In April I went to the Event Horizon energy and blockchain conference in Berlin.
Among the many speakers there, one of the most interesting was a former pro kitesurfer.
He had spent ten years of his life competing as a kitesurfer, and then gave it all up to train as a doctor.
Usually, those stories go the other way around, don’t they? It’s usually a rich and successful lawyer, doctor or businessperson who suddenly quits to chase their dreams and a life of adventure.
Not for Julian Hosp. By 2011, he was a qualified trauma surgeon, working out of Australia.
However, he soon realised the world of medicine wasn’t for him. He wanted to help people, but he was also “a born disrupter”. So in 2012, just one year into his medical career, he quit and moved to Asia.
By 2014 his future business partner introduced him to bitcoin, and the rest is history. The two of them went on to found TenX, which currently has a market cap of $181,531,078.
The idea behind TenX is to make spending cryptocurrency as easy as spending fiat (GPB, dollars, euros, etc). It basically issues you a card you can top up with crypto and then spend on like a normal bank card.
TenX had some problems with its card issuer in early January, but it all seems to be running smoothly now.
The interesting thing about Hosp’s presentation was he barely mentioned TenX. He used his presentation to outline the problems and opportunities in crypto.
He riffed on the usual challenges people talk about in these presentations:
Is crypto just a solution in search of a problem?
Is bitcoin really a currency, or is it really a hedge?
How many public cryptocurrencies do we really need?
But then he brought up a more interesting challenge:
If no one person is in charge of a crypto network, how do we decide on its rules?
The answer is, the rules are laid out in way in advance when the code for a crypto is created.
The people creating it have to think far into the future. They have to design rules for their creation that will stand the test of time. Rules that could eventually shape the way society functions.
This idea immediately reminded me of Isaac Asimov’s Foundation series. If you’re not familiar with the series, here’s a synopsis:
The mathematician Hari Seldon spent his life developing a branch of mathematics known as psychohistory, a concept of mathematical sociology. Using the laws of mass action, it can predict the future, but only on a large scale.
Seldon foresees the imminent fall of the Galactic Empire, which encompasses the entire Milky Way, and a dark age lasting 30,000 years before a second great empire arises. Seldon’s calculations also show there is a way to limit this interregnum to just one thousand years.
To ensure the more favorable outcome and reduce human misery during the intervening period, Seldon creates the Foundation – a group of talented artisans and engineers positioned at the twinned extreme ends of the galaxy – to preserve and expand on humanity’s collective knowledge, and thus become the foundation for the accelerated resurgence of this new galactic empire.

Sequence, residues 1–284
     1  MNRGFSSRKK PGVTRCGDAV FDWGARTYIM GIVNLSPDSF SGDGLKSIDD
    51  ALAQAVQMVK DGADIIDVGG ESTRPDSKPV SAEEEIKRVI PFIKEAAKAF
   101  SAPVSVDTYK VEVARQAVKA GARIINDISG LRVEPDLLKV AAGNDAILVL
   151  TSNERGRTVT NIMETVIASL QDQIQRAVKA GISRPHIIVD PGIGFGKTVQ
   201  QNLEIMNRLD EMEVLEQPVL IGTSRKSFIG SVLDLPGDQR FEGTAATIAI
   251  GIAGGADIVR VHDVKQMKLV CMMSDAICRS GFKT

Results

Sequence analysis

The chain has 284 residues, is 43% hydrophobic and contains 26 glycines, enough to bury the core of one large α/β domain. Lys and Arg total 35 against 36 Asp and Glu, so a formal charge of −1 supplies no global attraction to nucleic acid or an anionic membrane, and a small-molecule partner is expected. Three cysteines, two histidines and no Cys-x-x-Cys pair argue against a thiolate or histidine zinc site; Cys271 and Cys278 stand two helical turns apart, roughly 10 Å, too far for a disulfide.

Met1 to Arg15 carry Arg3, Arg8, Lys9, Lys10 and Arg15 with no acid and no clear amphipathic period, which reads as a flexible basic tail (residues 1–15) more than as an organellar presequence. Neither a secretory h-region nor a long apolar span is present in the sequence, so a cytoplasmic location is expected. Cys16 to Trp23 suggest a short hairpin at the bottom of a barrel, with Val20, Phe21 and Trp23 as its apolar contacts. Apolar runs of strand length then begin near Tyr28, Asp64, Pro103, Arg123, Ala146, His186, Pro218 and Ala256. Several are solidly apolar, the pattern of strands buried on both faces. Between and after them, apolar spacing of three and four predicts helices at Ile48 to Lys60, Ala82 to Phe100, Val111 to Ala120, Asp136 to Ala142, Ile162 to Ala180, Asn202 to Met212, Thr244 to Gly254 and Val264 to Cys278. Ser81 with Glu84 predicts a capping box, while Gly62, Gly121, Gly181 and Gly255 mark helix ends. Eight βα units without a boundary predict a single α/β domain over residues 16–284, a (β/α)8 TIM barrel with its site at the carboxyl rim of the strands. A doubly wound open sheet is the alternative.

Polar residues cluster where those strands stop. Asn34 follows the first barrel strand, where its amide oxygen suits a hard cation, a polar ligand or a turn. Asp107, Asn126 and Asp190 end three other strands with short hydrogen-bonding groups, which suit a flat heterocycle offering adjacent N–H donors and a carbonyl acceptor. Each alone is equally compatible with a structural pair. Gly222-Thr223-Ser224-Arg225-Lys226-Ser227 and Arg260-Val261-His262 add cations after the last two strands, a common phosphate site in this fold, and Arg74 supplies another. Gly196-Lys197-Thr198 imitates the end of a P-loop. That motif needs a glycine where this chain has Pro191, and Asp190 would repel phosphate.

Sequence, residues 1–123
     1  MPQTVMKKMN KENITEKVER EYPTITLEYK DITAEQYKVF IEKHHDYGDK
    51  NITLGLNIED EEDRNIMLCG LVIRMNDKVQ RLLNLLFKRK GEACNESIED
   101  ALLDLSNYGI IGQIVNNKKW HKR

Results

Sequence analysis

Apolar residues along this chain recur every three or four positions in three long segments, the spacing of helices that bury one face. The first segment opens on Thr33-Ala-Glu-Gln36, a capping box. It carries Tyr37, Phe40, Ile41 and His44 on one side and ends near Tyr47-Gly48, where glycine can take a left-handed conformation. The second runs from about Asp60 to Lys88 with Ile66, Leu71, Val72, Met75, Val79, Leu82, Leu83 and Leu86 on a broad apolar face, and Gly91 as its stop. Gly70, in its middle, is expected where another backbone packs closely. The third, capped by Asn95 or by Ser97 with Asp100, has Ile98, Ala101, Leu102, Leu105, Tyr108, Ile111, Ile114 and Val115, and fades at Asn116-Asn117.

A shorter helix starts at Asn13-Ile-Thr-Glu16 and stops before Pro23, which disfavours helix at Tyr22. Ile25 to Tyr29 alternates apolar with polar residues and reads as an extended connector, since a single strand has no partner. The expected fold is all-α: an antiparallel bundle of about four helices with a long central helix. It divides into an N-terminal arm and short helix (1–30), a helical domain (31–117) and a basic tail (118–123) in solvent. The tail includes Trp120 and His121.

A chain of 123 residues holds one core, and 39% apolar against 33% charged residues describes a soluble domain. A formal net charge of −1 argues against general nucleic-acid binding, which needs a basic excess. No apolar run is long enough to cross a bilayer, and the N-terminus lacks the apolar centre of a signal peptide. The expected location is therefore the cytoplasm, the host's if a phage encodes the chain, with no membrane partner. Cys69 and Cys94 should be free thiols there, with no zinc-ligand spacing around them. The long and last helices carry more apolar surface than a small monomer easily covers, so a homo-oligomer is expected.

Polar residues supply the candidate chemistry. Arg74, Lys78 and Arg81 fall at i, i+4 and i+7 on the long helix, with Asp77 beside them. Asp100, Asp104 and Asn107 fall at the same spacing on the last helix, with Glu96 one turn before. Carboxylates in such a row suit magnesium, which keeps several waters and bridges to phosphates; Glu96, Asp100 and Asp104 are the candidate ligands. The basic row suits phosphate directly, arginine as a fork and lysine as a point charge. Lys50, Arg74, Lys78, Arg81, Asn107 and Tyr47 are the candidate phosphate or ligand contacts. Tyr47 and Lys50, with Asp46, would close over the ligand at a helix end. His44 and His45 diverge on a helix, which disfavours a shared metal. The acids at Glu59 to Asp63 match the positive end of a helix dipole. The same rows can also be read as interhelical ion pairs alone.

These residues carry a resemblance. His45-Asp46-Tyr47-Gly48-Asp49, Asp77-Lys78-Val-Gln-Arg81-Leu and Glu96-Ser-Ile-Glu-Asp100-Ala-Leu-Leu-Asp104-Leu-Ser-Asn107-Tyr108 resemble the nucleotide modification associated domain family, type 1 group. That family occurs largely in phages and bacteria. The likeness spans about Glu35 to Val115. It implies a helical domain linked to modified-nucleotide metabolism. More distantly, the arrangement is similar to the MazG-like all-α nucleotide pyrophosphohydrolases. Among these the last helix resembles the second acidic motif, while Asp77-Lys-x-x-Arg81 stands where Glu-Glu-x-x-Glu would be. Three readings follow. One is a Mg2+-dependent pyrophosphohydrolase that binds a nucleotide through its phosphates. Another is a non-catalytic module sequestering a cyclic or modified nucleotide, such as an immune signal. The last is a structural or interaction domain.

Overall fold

The Foundation series is arguably the greatest science fiction of all time. It even won a one-time Hugo Award for “Best All-Time Series” in 1966.
It’s striking that the way bitcoin was set up is eerily similar to the way the Foundation was set up in the books.
It was done in secret, with only a small group of people privy to what was going on. And it was done to try and fix the problems in a bloated and outdated system, which was heading for ruin.
Asimov actually got the idea for his Foundation series from reading The History of the Decline and Fall of the Roman Empire.
In his own words:
I wanted to write a short story about the fall of the Galactic Empire. I had just finished reading the Decline and Fall of the Roman Empire [for] the second time, and I thought I might as well adapt it on a much larger scale to the Galactic Empire and get a story out of it.
And my editor John Campbell was much taken with the idea, and said he didn’t want it wasted on a short story. He wanted an open-ended series so it lasts forever, perhaps. And so I started doing that.
In order to keep the story going from story to story, I was essentially writing future history, and I had to make it sufficiently different from modern history to give it that science fictional touch. And so I assumed that the time would come when there would be a science in which things could be predicted on a probabilistic or statistical basis.
Satoshi Nakamoto – bitcoin’s secretive creator – came up with the idea for bitcoin as a response to the corruption and corporate greed of the banks. The “too big to fail” mentality.
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He (or she) wanted to create a new monetary system that couldn’t be controlled by governments or corporations, but by the users.
Nakamoto wanted to create a system that couldn’t be diluted or manipulated by those in power. One that would answer to the laws of mathematics, and not to the whims of any man or woman.
Just as Seldon did in the books, Nakamoto wanted to create a Foundation for humanity to build on.
Did he succeed? Well, I guess we’ll have to wait and see.
Until next time,
Editor, Exponential Investor
PS If you’re a regular reader, you can probably tell I’m a fan of sci-fi. I’ve managed to read many of the “top 100” sci-fi books. But I’m always looking for suggestions. If you have an all-time favourite sci-fi book or film, let me know in the comments below.
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